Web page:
Dennis Lillee has had his share of encounters - verbal and otherwise - with opponents. In the third Test against India in Melbourne back in 1981, he won an lbw decision against Sunny Gavaskar, who had made 70 hard-fought runs. When the latter lingered at the crease indicating he had got an inside edge onto the ball, Lillee's comments ordering him on his way so enraged Sunny that he dragged his partner, Chetan Chauhan, off with him. Had the Indian manager not intervened to make sure Chauhan did not leave the field, India might have ended up conceding the match. Sunny's pique and Lillee's antics set the stage for a visceral encounter of epic proportions. Needing just 143 to win in the fourth innings and India minus a bowler (Shivlal Yadav having pulled up short) it looked like the Aussies would wrap up the series 2-0.

A stunning 5 for 28 from Kapil Dev, with tremendous support from Dilip Doshi and Karsan Ghavri, triggered a collapse and Australia were bowled out for 83. Lillee himself, no mug with the bat, was clean-bowled by Kapil for just 4. Of his Test victories as captain, I doubt Sunny will remember any with a greater sense of satisfaction. And for Indian fans, a rare overseas victory (in Melbourne, no less) came with the added pleasure of having tied the series and proven a point to Lillee.

As I examine my feelings about all this, I am struck by the importance of the visceral register in sporting encounters. For an Indian cricket fan, even assuming Anderson had been guilty of all that he had been charged with, justice would have been ill-served by getting him banned for a couple of Tests. In fact, if anything, it would have detracted from anything positive the Indians accomplished. The only satisfaction would have been if Anderson went wicketless in every innings while being carted for hundreds of runs, had been dismissed cheaply each time he got to the crease, and, of course, if India had won the series. If, for good measure, India's fast bowlers had dinged his helmet a couple of times and given him a bruise or three, so much the better.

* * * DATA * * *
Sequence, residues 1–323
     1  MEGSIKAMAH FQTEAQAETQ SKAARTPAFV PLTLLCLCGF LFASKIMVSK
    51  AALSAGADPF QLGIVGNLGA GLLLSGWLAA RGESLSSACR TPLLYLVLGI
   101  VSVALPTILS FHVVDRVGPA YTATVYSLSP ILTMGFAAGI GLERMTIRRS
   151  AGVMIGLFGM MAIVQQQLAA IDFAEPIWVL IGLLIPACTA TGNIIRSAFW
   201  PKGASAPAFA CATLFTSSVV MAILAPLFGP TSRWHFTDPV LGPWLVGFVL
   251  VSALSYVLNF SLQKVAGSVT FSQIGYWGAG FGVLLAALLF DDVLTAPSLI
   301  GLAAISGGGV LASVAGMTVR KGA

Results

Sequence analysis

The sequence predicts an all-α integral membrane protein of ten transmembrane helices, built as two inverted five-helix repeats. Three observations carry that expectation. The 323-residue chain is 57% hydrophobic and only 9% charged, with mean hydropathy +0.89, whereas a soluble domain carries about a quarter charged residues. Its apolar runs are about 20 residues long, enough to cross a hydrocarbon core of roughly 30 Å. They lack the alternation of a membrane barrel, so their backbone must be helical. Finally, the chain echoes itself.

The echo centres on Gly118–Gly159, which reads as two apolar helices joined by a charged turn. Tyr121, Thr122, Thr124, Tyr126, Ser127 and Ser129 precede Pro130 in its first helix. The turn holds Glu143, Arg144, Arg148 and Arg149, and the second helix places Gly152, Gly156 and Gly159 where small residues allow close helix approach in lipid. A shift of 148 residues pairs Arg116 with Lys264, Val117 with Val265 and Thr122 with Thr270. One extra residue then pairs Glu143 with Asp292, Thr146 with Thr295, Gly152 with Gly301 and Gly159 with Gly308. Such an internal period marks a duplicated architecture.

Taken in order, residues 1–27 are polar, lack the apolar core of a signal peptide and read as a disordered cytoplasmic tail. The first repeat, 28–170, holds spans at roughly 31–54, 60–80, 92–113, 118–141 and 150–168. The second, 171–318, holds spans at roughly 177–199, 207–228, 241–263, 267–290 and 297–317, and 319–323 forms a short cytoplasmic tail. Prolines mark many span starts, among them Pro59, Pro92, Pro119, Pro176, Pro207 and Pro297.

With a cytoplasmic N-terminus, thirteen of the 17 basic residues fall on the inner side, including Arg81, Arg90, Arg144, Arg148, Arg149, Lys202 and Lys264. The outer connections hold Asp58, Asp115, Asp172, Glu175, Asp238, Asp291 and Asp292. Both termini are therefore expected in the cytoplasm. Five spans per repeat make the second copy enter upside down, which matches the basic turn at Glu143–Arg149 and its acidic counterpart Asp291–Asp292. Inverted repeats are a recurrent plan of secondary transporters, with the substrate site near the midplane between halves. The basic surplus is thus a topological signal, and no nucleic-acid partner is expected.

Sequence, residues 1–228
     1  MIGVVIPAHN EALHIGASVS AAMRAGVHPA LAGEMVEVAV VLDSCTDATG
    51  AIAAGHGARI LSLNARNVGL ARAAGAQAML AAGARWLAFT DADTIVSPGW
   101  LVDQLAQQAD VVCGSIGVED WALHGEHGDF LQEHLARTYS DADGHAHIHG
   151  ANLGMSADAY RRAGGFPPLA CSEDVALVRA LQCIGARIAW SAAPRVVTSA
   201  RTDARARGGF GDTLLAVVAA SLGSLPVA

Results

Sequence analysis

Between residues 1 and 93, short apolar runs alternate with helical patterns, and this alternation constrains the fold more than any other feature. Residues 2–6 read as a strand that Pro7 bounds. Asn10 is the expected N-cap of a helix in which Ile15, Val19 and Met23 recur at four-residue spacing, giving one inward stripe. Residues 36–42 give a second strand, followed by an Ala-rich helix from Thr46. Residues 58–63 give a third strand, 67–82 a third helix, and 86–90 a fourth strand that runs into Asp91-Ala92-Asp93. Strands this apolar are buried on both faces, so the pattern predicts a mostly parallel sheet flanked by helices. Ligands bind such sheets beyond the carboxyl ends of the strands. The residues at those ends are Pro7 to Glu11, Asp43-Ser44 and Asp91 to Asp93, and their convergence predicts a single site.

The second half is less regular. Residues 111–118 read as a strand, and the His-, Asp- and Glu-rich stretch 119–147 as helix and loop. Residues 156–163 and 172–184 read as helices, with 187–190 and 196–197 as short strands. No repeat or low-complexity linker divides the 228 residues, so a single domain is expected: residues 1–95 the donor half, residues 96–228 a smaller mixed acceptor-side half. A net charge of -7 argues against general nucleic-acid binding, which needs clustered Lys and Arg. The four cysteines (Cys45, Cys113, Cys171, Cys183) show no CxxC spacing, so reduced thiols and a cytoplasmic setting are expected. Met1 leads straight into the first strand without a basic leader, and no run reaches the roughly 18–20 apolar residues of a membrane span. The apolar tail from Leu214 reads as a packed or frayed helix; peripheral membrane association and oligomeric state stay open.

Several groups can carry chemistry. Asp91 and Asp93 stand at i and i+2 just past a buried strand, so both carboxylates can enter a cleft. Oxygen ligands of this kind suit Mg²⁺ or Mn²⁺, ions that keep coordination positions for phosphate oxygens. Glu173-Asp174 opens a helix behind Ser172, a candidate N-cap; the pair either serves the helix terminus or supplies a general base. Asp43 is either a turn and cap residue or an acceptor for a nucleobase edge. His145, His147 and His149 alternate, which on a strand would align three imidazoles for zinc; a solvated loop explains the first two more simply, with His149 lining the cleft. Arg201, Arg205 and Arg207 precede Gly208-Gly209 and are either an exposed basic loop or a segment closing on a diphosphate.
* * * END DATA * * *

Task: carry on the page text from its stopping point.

For the English fan, on the other hand, Anderson's exoneration off the field hardly compares to the incredible vindication on it: he out-thought and outplayed the Indians at every turn, and looked lethal every time he ran in to bowl. Whatever the merits of the complaint that Dhoni and the Indians brought against him, Anderson's riposte was awesome. Ironically, for someone known for his verbiage, he let his game do all the talking.

Indians will remember the series with pain, not merely because of the one-sided scorecards but more so because they never managed to wipe that smirk off Anderson's face. As India continue their gyre into the abyss, the defeats hurt fans where it matters most - in the viscera.

Sankaran Krishna is a professor of political science at the University of Hawaii, in Honolulu

Comments have now been closed for this article

  • Dummy on August 27, 2014, 23:01 GMT

    Amazing write up.. An Indian living in Pacific jewel teaching the Americans politics.. Writing about cricket in UK.. Makes It even more interesting!!

  • raj on August 26, 2014, 15:32 GMT

    The best thing Jadeja could have done (for India) after getting shoved was to swing his bat in the direction of Anderson and hopefully caught him on the shin - Jadeja's ability with the bat makes that a highly low percentage play though. Wonder if the adjudicator would have let off both players for a lack of evidence and contradictory stories then.

  • Dummy4 on August 26, 2014, 0:16 GMT

    In short, results and individual performances will be remembered long after sledges are forgotten. Better to let the bat and ball do the talking.

  • Dummy4 on August 25, 2014, 4:02 GMT